This level 4 apprenticeship is for starting professionals in internal auditing that have little to no experience. The duration of this type of apprenticeship is between 18 and 24 months. To qualify for entry into this programme, you're over 16 years of age, live in England and have your A-levels. As an internal audit practitioner apprentice, you can expect to conduct research on auditing activities and communicate results to audit management.

Internal audit professional

This level 7 apprenticeship is for professionals in internal audit with some experience. This type of apprenticeship usually lasts between 36 and 42 months. The requirements to qualify for entry into this programme are the same as those for an internal audit practitioner. As an internal audit professional apprentice, you can expect to be leading audit activities and building stakeholder relationships.

What are the duties of an auditor?

As an auditor, your responsibilities vary depending on whether you perform external or internal audits. Some general responsibilities you can expect are:

  • planning audits for an organisation

  • communicating with stakeholders

  • inspecting financial statements of organisations to ensure compliance

  • creating audit reports

  • advising clients and recommending solutions for improvement

Which skills are important for auditors?

There is a range of skills that can make auditors successful. The most important include:

  • Interpersonal and relationship-building skills**:** Auditors work with a variety of clients, so the ability to relate well with people and understand their needs can improve the service you provide.

  • Attention to detail**:** This is an important skill as your job includes inspecting complex and often lengthy financial statements. You may then create reports based on this information.

  • Critical thinking skills**:** As an auditor, having critical thinking skills can enable you to perform effective analysis. The insights you provide can impact a company's strategy.

  • Ability to withstand pressure**:** You can expect to be working with strict deadlines, so it's essential that you're able to work well under pressure.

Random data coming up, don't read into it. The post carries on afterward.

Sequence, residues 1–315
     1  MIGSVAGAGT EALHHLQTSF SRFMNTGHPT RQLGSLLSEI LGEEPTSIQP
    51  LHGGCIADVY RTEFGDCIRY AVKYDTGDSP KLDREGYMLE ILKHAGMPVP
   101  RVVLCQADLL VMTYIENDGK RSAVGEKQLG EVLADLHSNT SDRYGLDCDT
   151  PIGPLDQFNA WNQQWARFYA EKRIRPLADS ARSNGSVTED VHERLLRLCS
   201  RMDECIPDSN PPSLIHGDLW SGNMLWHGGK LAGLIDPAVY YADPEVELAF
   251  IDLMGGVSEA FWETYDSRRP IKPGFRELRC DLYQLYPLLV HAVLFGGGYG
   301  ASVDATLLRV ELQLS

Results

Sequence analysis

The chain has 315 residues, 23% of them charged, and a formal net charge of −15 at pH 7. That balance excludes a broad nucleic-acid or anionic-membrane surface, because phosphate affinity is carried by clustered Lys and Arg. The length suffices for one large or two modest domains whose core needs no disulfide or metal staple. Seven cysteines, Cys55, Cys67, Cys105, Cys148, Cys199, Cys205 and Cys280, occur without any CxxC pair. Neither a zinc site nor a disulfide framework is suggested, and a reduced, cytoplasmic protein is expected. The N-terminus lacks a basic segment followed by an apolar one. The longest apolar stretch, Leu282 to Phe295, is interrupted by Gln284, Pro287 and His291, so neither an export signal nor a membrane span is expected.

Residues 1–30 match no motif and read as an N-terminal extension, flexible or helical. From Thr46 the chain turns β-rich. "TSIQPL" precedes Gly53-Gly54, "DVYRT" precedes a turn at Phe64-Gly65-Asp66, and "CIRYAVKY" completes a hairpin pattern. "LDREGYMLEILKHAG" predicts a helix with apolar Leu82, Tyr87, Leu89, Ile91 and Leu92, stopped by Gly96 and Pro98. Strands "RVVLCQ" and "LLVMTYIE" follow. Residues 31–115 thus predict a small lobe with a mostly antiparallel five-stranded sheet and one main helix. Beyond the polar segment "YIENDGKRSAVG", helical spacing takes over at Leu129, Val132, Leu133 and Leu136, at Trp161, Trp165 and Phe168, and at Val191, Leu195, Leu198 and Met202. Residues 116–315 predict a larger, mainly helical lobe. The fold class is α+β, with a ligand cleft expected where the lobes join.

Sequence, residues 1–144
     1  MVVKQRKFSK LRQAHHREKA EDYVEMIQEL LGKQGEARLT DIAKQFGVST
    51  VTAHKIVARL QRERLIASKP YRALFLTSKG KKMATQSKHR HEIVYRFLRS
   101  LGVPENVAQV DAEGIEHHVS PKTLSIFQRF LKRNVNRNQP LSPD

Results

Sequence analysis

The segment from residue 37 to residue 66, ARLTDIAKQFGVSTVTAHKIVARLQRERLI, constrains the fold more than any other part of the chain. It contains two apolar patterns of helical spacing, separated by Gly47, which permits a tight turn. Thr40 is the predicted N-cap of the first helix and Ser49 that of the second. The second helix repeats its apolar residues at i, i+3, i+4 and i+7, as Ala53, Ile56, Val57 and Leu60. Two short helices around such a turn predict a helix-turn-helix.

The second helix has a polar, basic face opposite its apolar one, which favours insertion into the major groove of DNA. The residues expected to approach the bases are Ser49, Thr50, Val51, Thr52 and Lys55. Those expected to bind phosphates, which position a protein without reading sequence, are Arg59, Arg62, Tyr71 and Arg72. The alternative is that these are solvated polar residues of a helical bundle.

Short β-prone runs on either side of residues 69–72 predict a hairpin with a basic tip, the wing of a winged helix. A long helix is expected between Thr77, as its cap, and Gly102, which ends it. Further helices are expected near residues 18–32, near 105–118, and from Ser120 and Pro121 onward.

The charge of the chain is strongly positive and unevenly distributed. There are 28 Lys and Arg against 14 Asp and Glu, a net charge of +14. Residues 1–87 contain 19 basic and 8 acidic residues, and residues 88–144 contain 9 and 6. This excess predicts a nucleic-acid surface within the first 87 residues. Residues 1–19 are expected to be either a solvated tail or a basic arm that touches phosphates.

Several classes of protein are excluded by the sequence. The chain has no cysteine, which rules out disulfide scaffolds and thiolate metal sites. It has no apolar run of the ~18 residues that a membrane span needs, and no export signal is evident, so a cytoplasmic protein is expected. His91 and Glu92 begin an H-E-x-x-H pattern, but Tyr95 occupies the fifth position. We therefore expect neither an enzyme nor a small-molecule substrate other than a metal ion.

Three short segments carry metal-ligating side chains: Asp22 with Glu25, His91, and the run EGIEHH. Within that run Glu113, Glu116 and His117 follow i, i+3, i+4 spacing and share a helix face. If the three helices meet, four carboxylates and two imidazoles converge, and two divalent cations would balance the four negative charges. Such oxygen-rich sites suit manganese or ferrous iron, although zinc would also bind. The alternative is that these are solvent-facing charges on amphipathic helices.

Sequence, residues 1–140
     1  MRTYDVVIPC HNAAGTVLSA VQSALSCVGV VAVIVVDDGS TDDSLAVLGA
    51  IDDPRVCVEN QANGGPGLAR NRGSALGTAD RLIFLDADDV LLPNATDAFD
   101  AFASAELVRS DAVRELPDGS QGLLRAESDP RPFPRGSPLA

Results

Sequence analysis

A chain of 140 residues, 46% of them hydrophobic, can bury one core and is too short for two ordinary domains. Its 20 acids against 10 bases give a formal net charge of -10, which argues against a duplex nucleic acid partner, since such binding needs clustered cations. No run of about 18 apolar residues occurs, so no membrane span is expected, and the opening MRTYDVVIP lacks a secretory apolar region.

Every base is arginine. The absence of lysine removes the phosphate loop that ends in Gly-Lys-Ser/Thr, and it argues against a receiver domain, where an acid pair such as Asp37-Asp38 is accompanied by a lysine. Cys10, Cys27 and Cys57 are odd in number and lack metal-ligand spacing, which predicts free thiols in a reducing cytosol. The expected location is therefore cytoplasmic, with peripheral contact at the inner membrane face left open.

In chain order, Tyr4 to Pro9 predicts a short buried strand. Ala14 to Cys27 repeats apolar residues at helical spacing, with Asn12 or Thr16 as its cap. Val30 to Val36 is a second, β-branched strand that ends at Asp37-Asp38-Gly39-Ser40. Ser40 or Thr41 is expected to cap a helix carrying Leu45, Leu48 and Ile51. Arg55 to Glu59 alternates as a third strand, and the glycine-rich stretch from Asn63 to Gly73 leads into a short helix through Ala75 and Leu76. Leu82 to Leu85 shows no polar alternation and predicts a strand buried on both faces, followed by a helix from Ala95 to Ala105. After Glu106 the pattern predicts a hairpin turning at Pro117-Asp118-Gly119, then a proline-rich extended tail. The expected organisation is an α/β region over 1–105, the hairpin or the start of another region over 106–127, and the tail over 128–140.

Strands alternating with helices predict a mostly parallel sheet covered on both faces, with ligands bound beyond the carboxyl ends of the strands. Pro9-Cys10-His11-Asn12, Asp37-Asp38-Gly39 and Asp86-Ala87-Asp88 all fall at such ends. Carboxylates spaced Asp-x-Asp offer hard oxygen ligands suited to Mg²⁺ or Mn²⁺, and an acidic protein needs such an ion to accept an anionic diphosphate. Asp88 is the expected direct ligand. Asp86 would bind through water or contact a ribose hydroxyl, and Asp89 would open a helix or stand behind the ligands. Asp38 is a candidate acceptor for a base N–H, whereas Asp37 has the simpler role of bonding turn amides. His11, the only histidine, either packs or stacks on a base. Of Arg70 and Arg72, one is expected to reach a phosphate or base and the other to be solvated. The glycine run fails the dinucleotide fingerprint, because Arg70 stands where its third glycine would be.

Read more: Auditor skills for ensuring financial accuracy and transparency

How to write a good auditor CV

When applying for the job as an auditor, it's wise to ensure that your CV is the best it can be. Follow these tips on how to write a good auditor CV:

1. Have an effective summary

A summary is the first information on your CV after your contact details. An effective summary of your professional history can quickly demonstrate your skills, experience and passion. For example, you could include an impressive contribution you made to an organisation to gain a hiring manager's interest.

Read more: CV summary examples (and 5 steps for how to write one)

2. Highlight only relevant skills and experience

Analytical, mathematical and problem-solving skills are important for an auditor. Highlighting them can increase a recruiter's interest in your application. Make sure to only highlight skills and experience that's relevant to the auditor job you're applying for, as this keeps your CV concise and easy to read.

3. Tailor your CV to the job description

You can improve your chances of receiving an invitation for an interview if your CV matches the job description. Tailor your CV to the job description by ensuring that your skills, experience and qualifications match what the recruiter is looking for. It's also in your best interest to proofread your CV for grammatical or spelling errors.

Read more: How to write work experience on a CV (tips and example)

Sample CV template for an auditor application

Below is an example of what a good auditor CV may look like:

Eric Chamberlain

1 Lily Street
E15 1OP


Highly analytical and motivated finance professional with three years of experience. Specialised in performing financial audits for organisations in technology industries with ICAEW certification. Led a team reviewing internal controls and operations for a startup with a seed round of $600,000.*

*Work experience Auditor
Technology Inc
November 2017– September 2020*

  • Performed financial audits after assessment and presented cash flow analyses to senior managers

  • Worked in a team to determine the scope of the audit and provided a comprehensive annual report

  • Successfully developed financial strategies to reduce inefficiency while ensuring compliance

  • Performed comprehensive tests to ensure the suitability of reports and recommendations

Master of Business Administration in Finance
Business University
September 2016 - September 2017

Bachelor of Arts in Accounting and Finance
Business University
September 2013 - September 2016


  • MS Excel and R

  • mathematics

  • strong IT literacy

  • interpersonal skills

  • communication

  • analytical and critical thinking

  • problem-solving

  • self-motivation

Salary figures reflect data listed on Indeed Salaries at the time of writing. Salaries‌ ‌may‌ ‌‌vary‌‌ ‌depending‌ ‌on‌ ‌the‌ ‌hiring‌ ‌organisation‌ ‌and‌ ‌a‌ ‌candidate's‌ ‌experience,‌ ‌academic‌ background‌ ‌and‌ ‌location.‌ Please note that none of the companies mentioned in this article are affiliated with Indeed.